Re: Why Can't Mountain Bikers EVER Tell the Truth?

Discussion in 'Recumbent bicycles' started by Edward Dolan, May 5, 2006.

  1. Edward Dolan

    Edward Dolan Guest

    "Vincent Stadelmann" <[email protected]> wrote in message
    news:[email protected]
    > On 2006-04-20 05:40:04 +0200, Mike Vandeman <[email protected]> said:
    >
    >> On Sun, 16 Apr 2006 13:29:56 -0400, "S Curtiss" <[email protected]>
    >> wrote:
    >>
    >>>
    >>> "Mike Vandeman" <[email protected]> wrote in message
    >>> news:[email protected]
    >>>> On Sun, 16 Apr 2006 10:15:54 -0400, "S Curtiss" <[email protected]>
    >>>> wrote:
    >>>>
    >>>>> Actually, we have given several reasons. Several times. However, since
    >>>>> you
    >>>>> insist on your own definitions and opinions being the only ones, you
    >>>>> are
    >>>>> closed to sensible solutions and cooperative efforts to save habitat
    >>>>> for
    >>>>> everyone.
    >>>>
    >>>> Still waiting to hear even ONE good reason to allow bikes off-road,
    >>>> after 12 years. If you could have come up with one, you already would
    >>>> have.
    >>>> ===
    >>> This has been stated many times and in many ways:
    >>> Cycling off-road is an excellent physical and mental exercise, allows
    >>> the rider to enjoy this exercise without the constraints and dangers of
    >>> being in auto traffic, allows the rider to enjoy the natural
    >>> environment, and develop an appreciation for the natural environment.

    [...]

    You can do all of the above and get all those benefits on back country roads
    and specially constructed bike trails. You do not ever need to be on
    footpaths anywhere in this country since we have roads of all descriptions
    going every which way. It may be that you would have to be on a footpath in
    a third world nation if there were no roads, but that is the only excuse I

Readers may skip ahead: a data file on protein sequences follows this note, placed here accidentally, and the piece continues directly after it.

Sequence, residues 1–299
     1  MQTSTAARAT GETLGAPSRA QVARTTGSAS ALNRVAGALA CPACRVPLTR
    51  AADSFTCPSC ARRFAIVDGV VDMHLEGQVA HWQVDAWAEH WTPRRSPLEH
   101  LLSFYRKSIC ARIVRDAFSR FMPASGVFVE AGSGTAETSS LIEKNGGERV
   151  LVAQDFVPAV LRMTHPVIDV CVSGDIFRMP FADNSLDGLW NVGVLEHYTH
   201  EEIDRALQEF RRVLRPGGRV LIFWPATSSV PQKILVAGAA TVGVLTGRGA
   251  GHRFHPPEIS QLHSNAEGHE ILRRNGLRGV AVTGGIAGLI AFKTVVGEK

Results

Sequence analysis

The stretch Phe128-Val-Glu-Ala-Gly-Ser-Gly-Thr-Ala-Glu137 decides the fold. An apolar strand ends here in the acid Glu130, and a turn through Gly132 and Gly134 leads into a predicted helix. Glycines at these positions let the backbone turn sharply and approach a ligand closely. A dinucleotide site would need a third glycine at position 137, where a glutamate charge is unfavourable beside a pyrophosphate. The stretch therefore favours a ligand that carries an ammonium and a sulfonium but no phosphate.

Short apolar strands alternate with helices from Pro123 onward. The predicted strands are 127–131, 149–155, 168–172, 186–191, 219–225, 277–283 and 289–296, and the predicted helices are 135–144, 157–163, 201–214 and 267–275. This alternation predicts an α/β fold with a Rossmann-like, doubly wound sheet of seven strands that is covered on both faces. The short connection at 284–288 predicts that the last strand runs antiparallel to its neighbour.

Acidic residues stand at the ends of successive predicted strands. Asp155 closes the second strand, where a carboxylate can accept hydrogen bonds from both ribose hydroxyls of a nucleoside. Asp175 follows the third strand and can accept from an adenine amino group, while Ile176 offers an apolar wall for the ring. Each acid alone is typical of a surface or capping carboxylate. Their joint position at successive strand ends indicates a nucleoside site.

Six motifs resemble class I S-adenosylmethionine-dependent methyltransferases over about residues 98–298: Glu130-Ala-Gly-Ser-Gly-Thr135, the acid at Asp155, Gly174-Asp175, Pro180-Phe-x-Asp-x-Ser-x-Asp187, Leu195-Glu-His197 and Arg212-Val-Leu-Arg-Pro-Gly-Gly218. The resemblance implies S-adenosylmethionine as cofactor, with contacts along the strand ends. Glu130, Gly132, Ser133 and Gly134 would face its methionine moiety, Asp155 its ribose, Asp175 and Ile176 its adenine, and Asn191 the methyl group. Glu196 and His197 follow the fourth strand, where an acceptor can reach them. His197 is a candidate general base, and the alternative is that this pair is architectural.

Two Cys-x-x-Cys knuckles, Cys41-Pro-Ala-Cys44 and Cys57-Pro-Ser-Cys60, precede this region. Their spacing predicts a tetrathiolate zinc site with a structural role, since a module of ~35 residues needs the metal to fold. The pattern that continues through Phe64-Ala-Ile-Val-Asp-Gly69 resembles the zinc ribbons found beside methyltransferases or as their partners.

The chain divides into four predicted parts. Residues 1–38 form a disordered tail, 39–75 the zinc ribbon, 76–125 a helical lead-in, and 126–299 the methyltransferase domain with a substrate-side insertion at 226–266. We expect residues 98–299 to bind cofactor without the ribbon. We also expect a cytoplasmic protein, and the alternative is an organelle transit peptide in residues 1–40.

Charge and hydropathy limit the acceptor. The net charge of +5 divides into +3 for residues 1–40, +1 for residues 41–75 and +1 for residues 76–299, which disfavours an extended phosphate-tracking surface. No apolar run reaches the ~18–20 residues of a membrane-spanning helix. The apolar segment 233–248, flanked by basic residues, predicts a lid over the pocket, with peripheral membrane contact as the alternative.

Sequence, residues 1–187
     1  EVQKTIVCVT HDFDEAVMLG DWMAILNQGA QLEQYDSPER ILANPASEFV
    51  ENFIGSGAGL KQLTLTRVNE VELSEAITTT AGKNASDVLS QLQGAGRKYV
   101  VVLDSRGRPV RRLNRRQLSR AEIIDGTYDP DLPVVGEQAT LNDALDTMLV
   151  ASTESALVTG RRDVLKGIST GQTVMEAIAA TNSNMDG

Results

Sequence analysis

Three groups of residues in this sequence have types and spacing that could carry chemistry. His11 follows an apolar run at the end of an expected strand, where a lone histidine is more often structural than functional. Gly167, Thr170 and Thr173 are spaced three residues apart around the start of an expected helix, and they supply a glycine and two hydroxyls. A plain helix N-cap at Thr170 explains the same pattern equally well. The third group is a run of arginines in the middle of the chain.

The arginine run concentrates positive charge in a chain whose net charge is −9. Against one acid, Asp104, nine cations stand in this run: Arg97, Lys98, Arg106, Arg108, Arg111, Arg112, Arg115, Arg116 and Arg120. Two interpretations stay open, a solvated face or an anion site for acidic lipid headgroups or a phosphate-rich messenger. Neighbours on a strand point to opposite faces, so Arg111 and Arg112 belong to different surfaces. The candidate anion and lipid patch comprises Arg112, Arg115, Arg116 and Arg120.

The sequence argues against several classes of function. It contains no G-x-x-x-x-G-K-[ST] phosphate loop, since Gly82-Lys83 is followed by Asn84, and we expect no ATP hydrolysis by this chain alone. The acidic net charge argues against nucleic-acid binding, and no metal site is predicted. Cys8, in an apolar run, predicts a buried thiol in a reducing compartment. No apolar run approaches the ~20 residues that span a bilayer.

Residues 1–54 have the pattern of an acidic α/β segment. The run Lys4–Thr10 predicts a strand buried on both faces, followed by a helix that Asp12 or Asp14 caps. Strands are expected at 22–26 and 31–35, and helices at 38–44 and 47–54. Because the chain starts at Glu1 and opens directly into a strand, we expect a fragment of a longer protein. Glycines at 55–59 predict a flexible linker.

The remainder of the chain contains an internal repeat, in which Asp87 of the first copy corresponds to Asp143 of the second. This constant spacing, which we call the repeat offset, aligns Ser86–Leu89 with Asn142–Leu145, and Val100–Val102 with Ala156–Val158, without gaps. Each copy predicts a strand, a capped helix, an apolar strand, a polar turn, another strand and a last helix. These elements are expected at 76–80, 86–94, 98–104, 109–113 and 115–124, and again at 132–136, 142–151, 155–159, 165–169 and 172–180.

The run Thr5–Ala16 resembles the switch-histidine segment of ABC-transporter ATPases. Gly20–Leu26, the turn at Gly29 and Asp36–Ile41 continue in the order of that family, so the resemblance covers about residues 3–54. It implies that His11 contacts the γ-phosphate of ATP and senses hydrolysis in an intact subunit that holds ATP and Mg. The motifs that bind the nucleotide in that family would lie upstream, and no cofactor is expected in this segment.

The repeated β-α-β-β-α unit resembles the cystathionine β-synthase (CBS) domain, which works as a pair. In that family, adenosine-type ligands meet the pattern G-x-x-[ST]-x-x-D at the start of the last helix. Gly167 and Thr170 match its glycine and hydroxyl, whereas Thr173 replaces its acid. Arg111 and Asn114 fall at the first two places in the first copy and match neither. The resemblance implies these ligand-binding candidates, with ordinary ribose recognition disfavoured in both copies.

can think of. Even there, it would be politeness to get off your bike and to
    walk it so as not to offend everyone in sight.

    Regards,

    Ed Dolan the Great - Minnesota
    aka
    Saint Edward the Great - Order of the Perpetual Sorrows - Minnesota
     
    Tags:


  2. Sorni

    Sorni Guest

    Edward Dolan wrote:
    {MORE SNIPPAGE}

    > You can do all of the above and get all those benefits on back
    > country roads and specially constructed bike trails. You do not ever
    > need to be on footpaths anywhere in this country since we have roads
    > of all descriptions going every which way. It may be that you would
    > have to be on a footpath in a third world nation if there were no
    > roads, but that is the only excuse I can think of. Even there, it
    > would be politeness to get off your bike and to walk it so as not to
    > offend everyone in sight.


    Oh Great One, there's a big difference between "footpaths" and "trails".

    HTH, BS
     
  3. Edward Dolan

    Edward Dolan Guest

    "Sorni" <[email protected]> wrote in message
    news:[email protected]
    > Edward Dolan wrote:
    > {MORE SNIPPAGE}
    >
    >> You can do all of the above and get all those benefits on back
    >> country roads and specially constructed bike trails. You do not ever
    >> need to be on footpaths anywhere in this country since we have roads
    >> of all descriptions going every which way. It may be that you would
    >> have to be on a footpath in a third world nation if there were no
    >> roads, but that is the only excuse I can think of. Even there, it
    >> would be politeness to get off your bike and to walk it so as not to
    >> offend everyone in sight.

    >
    > Oh Great One, there's a big difference between "footpaths" and "trails".


    Yes, I greatly prefer the humble footpath. Trails too often are like super
    highways, what with many hikers, horses and bikers all vying for its' use.
    Frankly, I do not like trails which are over-constructed. Every step chosen
    should be an adventure - something you only get on a very primitive
    footpath. Nonetheless, all trails start out as footpaths and only become
    trails after some agency takes them over and strives to "improve" them for
    the masses.

    The main problem I have had with my humble footpaths is that you can lose
    your way on them. Believe you me, it is no fun to be lost in the woods. The
    first thing I do when I think I am lost is to check my food and water. It is
    really strange how all the beauty in the world rapidly disappears when a
    crisis strikes. And where do all the people go when you really need them.

    The most important thing about walking a footpath is NOT to have a
    destination. Every inch needs to be as interesting as every other inch. If
    it is not, then go home and forget about it. TV-land will suit you better.

    Regards,

    Ed Dolan the Great - Minnesota
    aka
    Saint Edward the Great - Order of the Perpetual Sorrows - Minnesota
     
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